If a subset of \(\mathcal{G}\) satisfies the group postulates, it is called a subgroup.

    2.1.1 Criterion for Subgroups

    If a subset of the elements of a group of finite order \(\mathcal{G}\) is closed under multiplication, then it is a subgroup of \(\mathcal{G}\).

    Prove that the group postulates are satisfied. Discuss the case of groups of infinite order.

    In order to explain the use of these concepts we list a few examples of sets chosen from various branches of mathematics of interest in physics, for which the group postulates are valid.

    Examples

    1. The set of integers (positive, negative and zero) is an Abelian group of infinite order where the common addition plays the role of multiplication. Zero serves as the unit and the inverse of \(a\) is \(−a\).

    2. The set of permutations of \(n\) objects, called also the symmetric group \(S(n)\), is of order n!. It is non-Abelian for \(n > 2\).

    3. The infinite set of \(n × n\) matrices with non-vanishing determinants. The operation is matrix multiplication; it is in general non-commutative.

    4. The set of covering operations of a symmetrical object such as a rectangular prism (fourgroup), a regular triangle, tetrahedron, a cube or a sphere, to mention only a few important cases. Expressing the symmetry of an object, they are called symmetry groups. Multiplication of two elements means that the corresponding operations are carried out in a definite sequence. Except for the first case, these groups are non-Abelian.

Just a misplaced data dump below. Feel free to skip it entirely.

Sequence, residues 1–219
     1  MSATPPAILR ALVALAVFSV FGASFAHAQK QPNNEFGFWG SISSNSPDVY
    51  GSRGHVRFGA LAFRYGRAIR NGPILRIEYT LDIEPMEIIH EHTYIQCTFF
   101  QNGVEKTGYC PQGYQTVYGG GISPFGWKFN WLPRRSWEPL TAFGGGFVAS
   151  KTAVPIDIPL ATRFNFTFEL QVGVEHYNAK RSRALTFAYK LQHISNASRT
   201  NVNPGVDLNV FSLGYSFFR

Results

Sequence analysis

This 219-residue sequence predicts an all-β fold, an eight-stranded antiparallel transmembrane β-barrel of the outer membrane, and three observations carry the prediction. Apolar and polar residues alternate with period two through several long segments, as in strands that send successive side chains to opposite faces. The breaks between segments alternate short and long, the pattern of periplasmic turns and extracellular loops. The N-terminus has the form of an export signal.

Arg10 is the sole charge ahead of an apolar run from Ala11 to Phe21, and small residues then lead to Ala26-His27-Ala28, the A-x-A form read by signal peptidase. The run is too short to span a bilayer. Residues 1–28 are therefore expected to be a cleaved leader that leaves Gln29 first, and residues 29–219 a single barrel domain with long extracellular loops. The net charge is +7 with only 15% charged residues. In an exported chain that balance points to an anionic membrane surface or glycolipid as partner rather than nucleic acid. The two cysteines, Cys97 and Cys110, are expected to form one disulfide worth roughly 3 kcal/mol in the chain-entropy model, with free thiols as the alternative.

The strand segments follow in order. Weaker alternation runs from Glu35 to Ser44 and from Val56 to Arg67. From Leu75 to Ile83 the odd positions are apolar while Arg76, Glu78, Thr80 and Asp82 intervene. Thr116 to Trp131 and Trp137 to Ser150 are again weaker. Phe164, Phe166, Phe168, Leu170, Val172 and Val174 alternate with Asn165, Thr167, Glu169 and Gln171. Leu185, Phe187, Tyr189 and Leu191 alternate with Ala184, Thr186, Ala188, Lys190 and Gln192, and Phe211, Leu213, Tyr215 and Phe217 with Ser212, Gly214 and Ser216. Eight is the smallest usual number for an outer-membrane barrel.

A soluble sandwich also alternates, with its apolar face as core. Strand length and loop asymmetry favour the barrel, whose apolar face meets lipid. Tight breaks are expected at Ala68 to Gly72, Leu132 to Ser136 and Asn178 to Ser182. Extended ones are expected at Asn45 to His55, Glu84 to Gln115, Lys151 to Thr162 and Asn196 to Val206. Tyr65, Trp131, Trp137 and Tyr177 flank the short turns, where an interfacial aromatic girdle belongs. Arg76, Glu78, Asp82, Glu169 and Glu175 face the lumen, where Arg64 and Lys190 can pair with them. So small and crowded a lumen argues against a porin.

The concrete definitions given above specify the multiplication rule for each group. For finite groups the results are conveniently represented in multiplication tables, from which one extracts the entire group structure. One recognizes for instance that some of the groups of covering operations listed under (4) are subgroups of others.

    It is easy to prove the rearrangement theorem: In the multiplication table each column or row contains each element once and only once. This theorem is very helpful in setting up multiplication tables. (Helps to spot errors!)

    2.1.2 Cyclic Groups

    For an arbitrary element \(A\) of a finite \(\mathcal{G}\) form the sequence: \(A, A^{2}, A^{3} \ldots\) let the numbers of distinct elements in the sequence be \(p\). It is easy to show that \(A^{p}=E\). The sequence

    \[A, A^{2}, \ldots, A^{p}=E \label{1}\]

    is called the period of \(A; p\) is the order of \(A\). The period is an Abelian group, a subgroup of \(\mathcal{G}\). It may be identical to it, in which case \(\mathcal{G}\) is called a cyclic group.

    Corollary: Since periods are subgroups, the order of each element is a divisor of the order of the group.

    2.1.3 Cosets

    Let \(\mathcal{H}\) be a subgroup of \(\mathcal{G}\) with elements \(E, H_{2}, \ldots H_{h}\); the set of elements

    \[E A, H_{2} A, \ldots, H_{h} A \label{2}\]